I was making an inventory of the things I want to bring on my upcoming trip to Taiwan, where I’ll be performing with the Xianse Gong Chinese Orchestra. I’m very excited about this trip, as there will a few ‘firsts’ for me: my first travel away from Toronto since March of 2020, and also my first trip to East Asia. I’m going with a group, many of whom also play in the Toronto Chinese Orchestra. Here is a link to our concert, scheduled for 20 July: “On the Other Side of the Rainbow is Home”
High on the list, next to my Alto Suona, are the Tai Chi Chu’an slippers that I wear for morning outdoor practice. I’m hoping to join a group in the mornings at a nearby park while I’m there.
I looked at my collection of Tai Chi swords and sabres, wistfully. Much as I’d like to get extra practice with them in Taiwan, they are just too long and awkward to bring on a 13 day trip.
Then, another thought came to me, a memory of a conversation with someone who came to visit me while I was recovering from surgery a few months ago.
She was perusing my collection of books and artwork, then stopped. “Oh, you have weapons“.
“Where?” I asked. I followed her line of gaze upwards and towards a rack on top of the large keepsake display case in my dining room. “Those swords on that rack are for Tai Chi, they’re not for fighting or hurting people.”
Her nose scrunched upward, pursing in her lips as they did so, as if something smelled off. “I think of tai chi as something graceful and peaceful, not violent or aggressive, with weapons.”
“You’re right, it is graceful and peaceful. And also, Tai Chi Chu’an is a martial art – that is its origin, and if the martial applications and intentions of the movements are not understood or incorporated, than what is being done is merely arm and hand waving, with little benefit to health or inner strength.”
“That sounds violent.”
“Well, the whole point of learning Tai Chi Chu’an is to prevent violence. Tai Chi Chu’an is an internal martial art, designed to develop the inner self. By doing this, by reducing fear, violence can be prevented and if not, then the discipline and practice prepare one for self-defence. Inner peace, rather than external hard strength, is developed through learning how to engage with challenges, both inner and outer, with confidence and grace. It’s very psychological.” I thought this latter piece about psychology might register as a more acceptable reason for practising tai chi. But, her nose remained wrinkled as she continued to squint with distaste at the resting swords and sabre.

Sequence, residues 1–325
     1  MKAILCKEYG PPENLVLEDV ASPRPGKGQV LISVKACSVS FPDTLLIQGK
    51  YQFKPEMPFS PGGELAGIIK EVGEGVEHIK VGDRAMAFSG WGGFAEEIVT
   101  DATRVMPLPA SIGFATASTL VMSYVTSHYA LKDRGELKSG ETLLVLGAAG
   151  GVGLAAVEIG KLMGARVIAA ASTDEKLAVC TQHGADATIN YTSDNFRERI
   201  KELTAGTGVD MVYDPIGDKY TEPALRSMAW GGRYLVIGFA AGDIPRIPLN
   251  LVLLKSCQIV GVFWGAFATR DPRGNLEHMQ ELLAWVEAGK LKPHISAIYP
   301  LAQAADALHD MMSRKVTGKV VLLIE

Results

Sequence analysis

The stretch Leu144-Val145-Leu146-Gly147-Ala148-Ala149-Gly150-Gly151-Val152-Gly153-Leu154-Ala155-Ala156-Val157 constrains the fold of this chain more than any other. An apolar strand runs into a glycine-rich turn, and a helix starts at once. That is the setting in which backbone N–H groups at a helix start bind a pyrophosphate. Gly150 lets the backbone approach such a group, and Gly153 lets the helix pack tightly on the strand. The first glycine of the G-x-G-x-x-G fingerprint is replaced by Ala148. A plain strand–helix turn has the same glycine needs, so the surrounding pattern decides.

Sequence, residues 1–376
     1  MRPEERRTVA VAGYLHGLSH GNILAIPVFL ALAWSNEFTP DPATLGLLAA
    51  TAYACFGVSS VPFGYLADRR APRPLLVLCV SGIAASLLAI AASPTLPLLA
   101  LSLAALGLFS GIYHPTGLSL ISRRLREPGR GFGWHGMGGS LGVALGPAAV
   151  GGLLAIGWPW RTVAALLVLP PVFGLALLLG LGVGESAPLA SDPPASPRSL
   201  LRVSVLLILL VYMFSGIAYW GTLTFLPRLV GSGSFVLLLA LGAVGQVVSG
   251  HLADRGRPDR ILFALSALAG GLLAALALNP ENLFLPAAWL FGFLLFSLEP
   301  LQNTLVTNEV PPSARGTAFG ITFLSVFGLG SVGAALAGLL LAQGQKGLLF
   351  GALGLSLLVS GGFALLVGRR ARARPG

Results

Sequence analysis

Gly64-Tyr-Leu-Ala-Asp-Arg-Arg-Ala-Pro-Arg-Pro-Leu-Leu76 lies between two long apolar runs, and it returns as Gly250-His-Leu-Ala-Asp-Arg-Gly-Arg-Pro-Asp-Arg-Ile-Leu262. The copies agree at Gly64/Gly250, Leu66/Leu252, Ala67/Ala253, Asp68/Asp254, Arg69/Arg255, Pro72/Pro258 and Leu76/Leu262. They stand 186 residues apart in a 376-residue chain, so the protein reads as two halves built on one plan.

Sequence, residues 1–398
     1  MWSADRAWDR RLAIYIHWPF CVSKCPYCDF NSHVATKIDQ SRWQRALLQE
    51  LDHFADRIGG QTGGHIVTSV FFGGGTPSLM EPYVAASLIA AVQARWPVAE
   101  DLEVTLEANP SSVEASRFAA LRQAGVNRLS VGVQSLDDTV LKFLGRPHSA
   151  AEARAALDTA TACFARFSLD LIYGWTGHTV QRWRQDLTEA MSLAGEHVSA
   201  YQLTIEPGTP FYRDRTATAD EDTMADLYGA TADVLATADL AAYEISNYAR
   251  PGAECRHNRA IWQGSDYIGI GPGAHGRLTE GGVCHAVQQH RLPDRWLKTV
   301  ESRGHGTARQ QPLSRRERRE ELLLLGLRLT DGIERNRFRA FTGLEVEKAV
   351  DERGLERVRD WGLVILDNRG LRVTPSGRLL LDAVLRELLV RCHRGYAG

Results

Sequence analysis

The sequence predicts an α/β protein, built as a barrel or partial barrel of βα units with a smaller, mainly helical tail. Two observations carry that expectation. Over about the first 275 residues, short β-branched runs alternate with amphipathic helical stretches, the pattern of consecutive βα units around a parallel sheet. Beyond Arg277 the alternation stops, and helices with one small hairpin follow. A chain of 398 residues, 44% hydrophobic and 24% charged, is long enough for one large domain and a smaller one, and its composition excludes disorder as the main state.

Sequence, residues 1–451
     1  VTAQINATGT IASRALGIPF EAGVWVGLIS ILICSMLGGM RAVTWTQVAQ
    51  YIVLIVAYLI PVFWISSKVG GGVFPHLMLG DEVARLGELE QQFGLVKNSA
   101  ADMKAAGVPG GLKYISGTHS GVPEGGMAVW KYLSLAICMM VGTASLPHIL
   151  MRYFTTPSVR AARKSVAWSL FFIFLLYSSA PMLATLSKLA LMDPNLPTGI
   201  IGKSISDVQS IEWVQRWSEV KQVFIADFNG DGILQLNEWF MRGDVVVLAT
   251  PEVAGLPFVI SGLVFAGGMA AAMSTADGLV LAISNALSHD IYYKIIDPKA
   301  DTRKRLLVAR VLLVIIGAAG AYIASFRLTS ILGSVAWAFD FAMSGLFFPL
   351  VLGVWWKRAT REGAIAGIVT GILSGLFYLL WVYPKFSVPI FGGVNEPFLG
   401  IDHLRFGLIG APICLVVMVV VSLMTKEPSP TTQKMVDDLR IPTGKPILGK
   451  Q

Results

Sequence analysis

“I believe in Love Bombs as the best tool for violence prevention and self-defence”, my visitor said.
I’m not sure what a ‘Love Bomb’ is, and I asked her. The answer came as something about showing care of people and letting them know they are cared about.
Here is what I read about ‘Love Bombing’ online:
“You may have heard the term “love bombing” circulating online and on social media, but what does it mean? Although it might sound like something we’d all want — being showered with unlimited love and affection — it’s anything but healthy. Love bombing is a tactic often used by a narcissist to manipulate you into falling for them.”
This is what I came to understand while looking at my swords: Despite my being a functional invalid, with a plaster cast on my foot for the next several weeks, I never heard back from her or received the promised ‘Love Bomb’ of congregants or other helpers that were to come assist me while I recovered.
So, this irony raises some questions. What is the difference between violence, aggression, and passive aggression? and, how does Tai Chi Chu’an fit in to categories? Let’s start with the dictionary definitions of these terms, and proceed from there1:
- Violence: “the use of physical force so as to injure, abuse, damage, or destroy.”
- Aggression: “a forceful action or procedure (such as an unprovoked attack) especially when intended to dominate or master.”
- Passive-Aggression: “passive-aggressive behaviour, the donning of a mask of amiability that conceals raw antagonism toward one’s competitors, even one’s friends.— Hilary De Vries”